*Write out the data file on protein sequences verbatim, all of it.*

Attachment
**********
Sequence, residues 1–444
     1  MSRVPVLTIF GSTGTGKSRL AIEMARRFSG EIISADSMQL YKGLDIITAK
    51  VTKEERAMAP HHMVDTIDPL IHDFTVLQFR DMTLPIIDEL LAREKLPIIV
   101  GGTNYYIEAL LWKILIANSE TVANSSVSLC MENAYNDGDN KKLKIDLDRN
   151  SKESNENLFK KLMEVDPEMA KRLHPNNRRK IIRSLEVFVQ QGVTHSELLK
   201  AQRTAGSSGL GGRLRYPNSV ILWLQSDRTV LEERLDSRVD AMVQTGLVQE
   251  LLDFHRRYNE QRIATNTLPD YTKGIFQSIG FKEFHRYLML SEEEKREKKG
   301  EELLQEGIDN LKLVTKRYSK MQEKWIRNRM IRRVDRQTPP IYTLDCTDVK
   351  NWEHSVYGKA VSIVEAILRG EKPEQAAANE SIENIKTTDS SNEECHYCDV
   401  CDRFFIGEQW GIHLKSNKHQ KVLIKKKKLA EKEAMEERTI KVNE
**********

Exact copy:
Sequence, residues 1–444
     1  MSRVPVLTIF GSTGTGKSRL AIEMARRFSG EIISADSMQL YKGLDIITAK
    51  VTKEERAMAP HHMVDTIDPL IHDFTVLQFR DMTLPIIDEL LAREKLPIIV
   101  GGTNYYIEAL LWKILIANSE TVANSSVSLC MENAYNDGDN KKLKIDLDRN
   151  SKESNENLFK KLMEVDPEMA KRLHPNNRRK IIRSLEVFVQ QGVTHSELLK
   201  AQRTAGSSGL GGRLRYPNSV ILWLQSDRTV LEERLDSRVD AMVQTGLVQE
   251  LLDFHRRYNE QRIATNTLPD YTKGIFQSIG FKEFHRYLML SEEEKREKKG
   301  EELLQEGIDN LKLVTKRYSK MQEKWIRNRM IRRVDRQTPP IYTLDCTDVK
   351  NWEHSVYGKA VSIVEAILRG EKPEQAAANE SIENIKTTDS SNEECHYCDV
   401  CDRFFIGEQW GIHLKSNKHQ KVLIKKKKLA EKEAMEERTI KVNE